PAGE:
In the 15 years since, there has been enough data collected so that we can assess the quality of these predictions in the short term -- our own V&V, if you will. The data of choice for this V&V is average global temperatures based on satellite-sensed atmospheric temperatures. These data come from microwave radiometers flying on DoD and NOAA weather satellites (and were available as far back as the late 70's). I have a good deal of experience with them, as one of my jobs in the Air Force was in charge of processing these sensor data from the spacecraft, and making them ready for inclusion in the Air Force NWP models. Thus, I can confirm that these are a good measure of temperature throughout the entire depth of the atmosphere.

So, what do we see when comparing satellite-sensed temperatures against prediction? Take a look at the this chart. 

The set of green lines represents the range of IPCC model predicted temperature change from 2000 to present. The black line represents the satellite-sensed average global temperature changes. While we clearly see a bump of about 0.25 degrees in the late 90s, the global temperatures have been, on average, remarkably steady since then. No rise in temperatures has been seen over the period of the IPCC forecasts, in complete contrast to the model predictions.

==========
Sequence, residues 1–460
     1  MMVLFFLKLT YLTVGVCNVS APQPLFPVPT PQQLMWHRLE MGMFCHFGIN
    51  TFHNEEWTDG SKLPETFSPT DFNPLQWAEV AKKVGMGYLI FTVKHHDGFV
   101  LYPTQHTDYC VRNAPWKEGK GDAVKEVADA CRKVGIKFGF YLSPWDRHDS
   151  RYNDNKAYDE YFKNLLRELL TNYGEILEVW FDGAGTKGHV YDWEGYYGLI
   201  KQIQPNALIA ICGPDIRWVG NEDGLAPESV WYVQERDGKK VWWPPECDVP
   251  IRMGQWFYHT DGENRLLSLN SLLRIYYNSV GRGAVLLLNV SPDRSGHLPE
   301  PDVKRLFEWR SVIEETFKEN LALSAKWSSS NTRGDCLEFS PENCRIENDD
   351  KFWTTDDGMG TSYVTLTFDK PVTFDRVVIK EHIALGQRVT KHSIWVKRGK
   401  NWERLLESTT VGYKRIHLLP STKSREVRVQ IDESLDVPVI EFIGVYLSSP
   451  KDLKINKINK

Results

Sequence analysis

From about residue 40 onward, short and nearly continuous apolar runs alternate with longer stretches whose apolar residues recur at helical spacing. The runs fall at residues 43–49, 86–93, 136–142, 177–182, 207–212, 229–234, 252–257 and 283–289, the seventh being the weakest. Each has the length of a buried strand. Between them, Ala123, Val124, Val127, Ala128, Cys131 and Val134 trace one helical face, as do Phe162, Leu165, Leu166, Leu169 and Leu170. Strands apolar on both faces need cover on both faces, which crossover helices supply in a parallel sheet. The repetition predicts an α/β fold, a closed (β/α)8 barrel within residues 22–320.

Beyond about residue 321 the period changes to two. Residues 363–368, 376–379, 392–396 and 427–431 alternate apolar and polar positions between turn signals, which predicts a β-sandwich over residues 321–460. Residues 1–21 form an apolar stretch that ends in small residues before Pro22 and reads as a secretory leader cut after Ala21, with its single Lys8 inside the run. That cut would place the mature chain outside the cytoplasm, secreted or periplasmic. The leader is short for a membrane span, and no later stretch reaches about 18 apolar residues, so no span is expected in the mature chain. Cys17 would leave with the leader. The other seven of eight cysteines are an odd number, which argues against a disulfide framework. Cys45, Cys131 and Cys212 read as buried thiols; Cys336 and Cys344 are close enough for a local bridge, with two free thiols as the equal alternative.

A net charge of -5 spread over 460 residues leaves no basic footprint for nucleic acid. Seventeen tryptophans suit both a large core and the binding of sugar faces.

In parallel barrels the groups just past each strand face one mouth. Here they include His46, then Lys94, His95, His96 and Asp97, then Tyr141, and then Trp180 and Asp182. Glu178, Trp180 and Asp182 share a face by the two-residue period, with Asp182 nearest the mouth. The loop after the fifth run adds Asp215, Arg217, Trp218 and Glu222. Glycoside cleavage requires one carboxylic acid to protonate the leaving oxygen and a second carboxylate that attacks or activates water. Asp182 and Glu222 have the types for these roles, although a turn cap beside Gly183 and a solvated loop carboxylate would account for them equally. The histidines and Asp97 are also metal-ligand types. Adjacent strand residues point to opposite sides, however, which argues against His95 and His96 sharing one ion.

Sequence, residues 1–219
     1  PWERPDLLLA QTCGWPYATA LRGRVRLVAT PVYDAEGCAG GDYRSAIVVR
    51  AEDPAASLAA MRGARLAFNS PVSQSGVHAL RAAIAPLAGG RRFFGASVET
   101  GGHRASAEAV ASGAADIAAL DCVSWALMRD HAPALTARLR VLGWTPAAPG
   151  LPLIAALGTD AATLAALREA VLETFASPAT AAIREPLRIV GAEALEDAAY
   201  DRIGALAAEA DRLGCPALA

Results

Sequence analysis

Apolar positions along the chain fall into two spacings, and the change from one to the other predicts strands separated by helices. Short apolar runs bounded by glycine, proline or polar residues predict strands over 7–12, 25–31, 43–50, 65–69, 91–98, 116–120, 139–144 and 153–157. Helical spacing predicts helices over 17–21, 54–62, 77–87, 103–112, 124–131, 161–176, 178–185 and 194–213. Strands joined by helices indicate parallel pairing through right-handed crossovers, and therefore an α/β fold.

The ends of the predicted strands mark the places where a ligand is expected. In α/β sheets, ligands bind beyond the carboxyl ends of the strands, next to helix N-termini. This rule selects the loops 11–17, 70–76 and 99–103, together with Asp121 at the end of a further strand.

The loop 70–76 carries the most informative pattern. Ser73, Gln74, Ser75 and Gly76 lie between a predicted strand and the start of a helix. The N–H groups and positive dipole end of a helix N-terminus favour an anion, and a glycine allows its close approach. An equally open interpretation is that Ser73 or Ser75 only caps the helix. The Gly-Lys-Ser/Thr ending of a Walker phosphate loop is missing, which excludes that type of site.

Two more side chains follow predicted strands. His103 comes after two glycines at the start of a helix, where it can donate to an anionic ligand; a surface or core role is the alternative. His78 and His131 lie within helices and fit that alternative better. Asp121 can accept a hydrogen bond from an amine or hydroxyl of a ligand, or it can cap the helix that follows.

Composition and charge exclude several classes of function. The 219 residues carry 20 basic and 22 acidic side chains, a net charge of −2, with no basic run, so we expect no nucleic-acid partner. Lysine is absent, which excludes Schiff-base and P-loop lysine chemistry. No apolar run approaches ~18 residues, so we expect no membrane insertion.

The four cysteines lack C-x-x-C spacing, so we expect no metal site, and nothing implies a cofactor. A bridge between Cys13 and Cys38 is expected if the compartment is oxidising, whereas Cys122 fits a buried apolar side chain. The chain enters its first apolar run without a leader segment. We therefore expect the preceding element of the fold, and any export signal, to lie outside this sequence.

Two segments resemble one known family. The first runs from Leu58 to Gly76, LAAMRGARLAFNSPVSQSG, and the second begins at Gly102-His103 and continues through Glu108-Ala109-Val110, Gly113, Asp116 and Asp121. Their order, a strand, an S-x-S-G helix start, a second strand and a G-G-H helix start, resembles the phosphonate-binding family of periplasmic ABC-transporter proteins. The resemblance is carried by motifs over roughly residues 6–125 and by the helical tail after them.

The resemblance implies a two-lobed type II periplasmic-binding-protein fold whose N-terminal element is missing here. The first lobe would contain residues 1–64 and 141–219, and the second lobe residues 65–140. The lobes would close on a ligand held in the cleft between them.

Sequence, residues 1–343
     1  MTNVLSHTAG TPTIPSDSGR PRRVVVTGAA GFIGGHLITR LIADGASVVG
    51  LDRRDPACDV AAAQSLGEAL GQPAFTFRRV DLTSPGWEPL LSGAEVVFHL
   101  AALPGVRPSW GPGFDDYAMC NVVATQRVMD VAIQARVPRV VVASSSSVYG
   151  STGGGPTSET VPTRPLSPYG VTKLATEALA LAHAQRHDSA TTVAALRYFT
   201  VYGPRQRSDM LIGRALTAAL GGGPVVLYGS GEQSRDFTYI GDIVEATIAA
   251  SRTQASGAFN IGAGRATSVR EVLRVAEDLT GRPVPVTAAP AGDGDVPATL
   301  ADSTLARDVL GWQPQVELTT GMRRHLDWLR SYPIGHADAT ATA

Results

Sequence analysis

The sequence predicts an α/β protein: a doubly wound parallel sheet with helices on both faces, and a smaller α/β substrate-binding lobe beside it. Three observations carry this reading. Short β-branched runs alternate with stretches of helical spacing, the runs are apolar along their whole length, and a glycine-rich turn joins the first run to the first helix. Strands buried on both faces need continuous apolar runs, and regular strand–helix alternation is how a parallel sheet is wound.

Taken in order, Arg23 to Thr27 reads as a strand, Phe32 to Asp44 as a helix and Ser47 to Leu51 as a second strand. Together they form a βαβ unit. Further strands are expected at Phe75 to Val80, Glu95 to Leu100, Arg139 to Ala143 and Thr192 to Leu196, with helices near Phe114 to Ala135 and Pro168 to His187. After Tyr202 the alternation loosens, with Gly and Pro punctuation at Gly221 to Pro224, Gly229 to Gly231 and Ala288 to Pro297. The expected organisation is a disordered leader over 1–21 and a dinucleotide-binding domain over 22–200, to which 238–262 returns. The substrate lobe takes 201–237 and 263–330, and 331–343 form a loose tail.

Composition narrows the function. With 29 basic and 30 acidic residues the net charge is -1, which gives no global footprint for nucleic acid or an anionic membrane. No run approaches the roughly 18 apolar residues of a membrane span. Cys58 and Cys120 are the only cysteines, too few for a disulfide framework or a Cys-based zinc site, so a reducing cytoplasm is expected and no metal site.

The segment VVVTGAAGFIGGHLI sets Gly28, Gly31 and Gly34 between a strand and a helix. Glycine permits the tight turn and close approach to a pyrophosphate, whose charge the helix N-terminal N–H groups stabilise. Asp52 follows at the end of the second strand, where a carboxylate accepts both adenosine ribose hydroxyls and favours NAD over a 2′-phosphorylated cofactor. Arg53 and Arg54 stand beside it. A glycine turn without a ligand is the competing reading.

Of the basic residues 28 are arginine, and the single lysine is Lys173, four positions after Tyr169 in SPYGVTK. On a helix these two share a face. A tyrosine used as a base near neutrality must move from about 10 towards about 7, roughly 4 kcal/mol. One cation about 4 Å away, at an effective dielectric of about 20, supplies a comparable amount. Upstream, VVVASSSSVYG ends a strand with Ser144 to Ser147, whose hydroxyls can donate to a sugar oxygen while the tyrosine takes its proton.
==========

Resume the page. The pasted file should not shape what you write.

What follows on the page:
In any other business, we would say back to the drawing board -- clearly, something is amiss in the models that have skewed the predictions away from reality. Computer models are not "science" in and of their own. The scientific process isn't just research and prediction. Theories must be verified by actual measurements if they are to be accepted. If the predictions are wrong, then there is something wrong with the theory. In other words, the science isn't settled.
In the AGW industry, however, we charge full speed ahead, reality be damned. Excuses for the missed predictions are found (and disproved, BTW), and the cries of "The Science Is Settled" continue.
So, the next time AGW proponents try to scare you with dire predictions of a hellishly hot Earth, just remember the models used to make these predictions have either never been validated, or have failed the validation efforts made so far.